Having found on your computer that photo of your baby in the bath and 
decide that it's illegal (new laws in the UK that could make 
virtually any photo like that 'potentially' illegal), they bully you 
(without access to legal representation) into accepting a police 
caution - "it's in no way an admission of guilt sir". In practice, 
you are then a convicted paedophile, put on the sex offenders 
register, will never be able to get a job involving even being in the 
same building as children ever again.

Your employer tells you that they have to think of their reputation, 
and they can't have a convicted sex offender on the staff so they 
will have to "let you go".

Your friends desert you because they can't take the strain of being 
associated with a "kiddy fiddler" - which is how the press will 
portray it.

Finally after a year or two, you'll get your computers back, and be 
told there won't be any prosecution. You won't get an apology. The 
press won't announce that you were innocent after all. So you'll 
still be known round the local grapevine as "that pervert".

Will you still feel the same then ?

Ridiculous ? Pretty well all of those things have already happened in 
one form or other in the UK. If you get accused of something, the 
police can, and do, seize computers, and they can and do hold onto 
them for months or even years - tough if they happen to be essential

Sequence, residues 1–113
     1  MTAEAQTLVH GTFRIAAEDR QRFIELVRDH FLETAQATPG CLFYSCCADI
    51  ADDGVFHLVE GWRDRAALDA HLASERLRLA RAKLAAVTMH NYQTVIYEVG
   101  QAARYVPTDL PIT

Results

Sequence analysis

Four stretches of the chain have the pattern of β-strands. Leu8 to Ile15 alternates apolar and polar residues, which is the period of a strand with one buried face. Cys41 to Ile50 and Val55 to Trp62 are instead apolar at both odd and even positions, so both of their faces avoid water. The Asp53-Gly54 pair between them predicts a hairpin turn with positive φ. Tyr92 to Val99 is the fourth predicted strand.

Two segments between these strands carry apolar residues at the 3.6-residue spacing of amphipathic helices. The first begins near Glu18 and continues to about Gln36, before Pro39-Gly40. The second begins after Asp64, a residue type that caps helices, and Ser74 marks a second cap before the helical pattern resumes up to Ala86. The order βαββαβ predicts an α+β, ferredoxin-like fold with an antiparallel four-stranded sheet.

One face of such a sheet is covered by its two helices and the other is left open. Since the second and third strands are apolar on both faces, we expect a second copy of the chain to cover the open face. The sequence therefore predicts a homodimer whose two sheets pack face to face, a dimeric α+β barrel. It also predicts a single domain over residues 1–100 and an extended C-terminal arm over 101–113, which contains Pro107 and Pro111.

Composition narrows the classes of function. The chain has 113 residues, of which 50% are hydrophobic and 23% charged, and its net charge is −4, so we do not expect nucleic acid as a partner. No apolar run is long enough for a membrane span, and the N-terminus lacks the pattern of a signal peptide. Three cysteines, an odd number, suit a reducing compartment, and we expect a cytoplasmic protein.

to your business.

Recently, a chap was accused of child abuse for slapping his teenage 
daughter - who later admitted that she deserved it as she was being 
an unruly little ****. He was bullied into accepting a police caution 
which is considered as good as a confession and admission of guilt. 
He's now on the sex offender register, so his hopes of becoming a 
sports coach are dead.

And the laws on obscene images mean that most people will have at 
least one picture that is 'potentially' illegal - but the laws are 
written so as to be wide ranging and vague so "no-one knows" until a 
few people have been the subject of test cases to work out where the 
boundaries are. In a way, it could well be used as a "consolation 
prize" - they might not get you on teh original charge, but having 
seized your computers, they can have a look and see if you've any 
dodgy pics they can hang you with.

No, in this country they've made civil disobedience a very dangerous activity.

Oh yes, and just for good measure, we now have a legal system where 
"gossip" is now legally tradable by the police and other authorities. 
We have a system of enhanced records checks required for certain 
types of work - which includes working with children and vulnerable 
adults. The results will now include if you are "known" - which means 
any accusation, even if found to be completely false, will be 
reported as "known".
Simon Hobson

Visit http://www.magpiesnestpublishing.co.uk/ for books by acclaimed
author Gladys Hobson. Novels - poetry - short stories - ideal as
Christmas stocking fillers. Some available as e-books.